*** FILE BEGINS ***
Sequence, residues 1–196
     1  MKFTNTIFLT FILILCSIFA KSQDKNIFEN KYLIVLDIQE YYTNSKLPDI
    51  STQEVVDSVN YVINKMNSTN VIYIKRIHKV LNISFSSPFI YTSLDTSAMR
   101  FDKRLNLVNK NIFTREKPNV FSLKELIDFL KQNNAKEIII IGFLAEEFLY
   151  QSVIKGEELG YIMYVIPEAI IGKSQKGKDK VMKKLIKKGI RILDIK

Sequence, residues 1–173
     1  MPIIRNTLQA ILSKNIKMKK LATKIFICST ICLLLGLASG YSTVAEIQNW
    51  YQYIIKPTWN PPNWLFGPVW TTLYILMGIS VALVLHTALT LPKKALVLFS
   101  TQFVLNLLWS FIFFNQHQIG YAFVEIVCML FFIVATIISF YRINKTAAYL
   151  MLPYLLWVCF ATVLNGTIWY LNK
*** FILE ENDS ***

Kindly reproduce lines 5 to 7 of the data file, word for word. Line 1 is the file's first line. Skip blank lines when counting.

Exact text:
   151  QSVIKGEELG YIMYVIPEAI IGKSQKGKDK VMKKLIKKGI RILDIK

Sequence, residues 1–173
     1  MPIIRNTLQA ILSKNIKMKK LATKIFICST ICLLLGLASG YSTVAEIQNW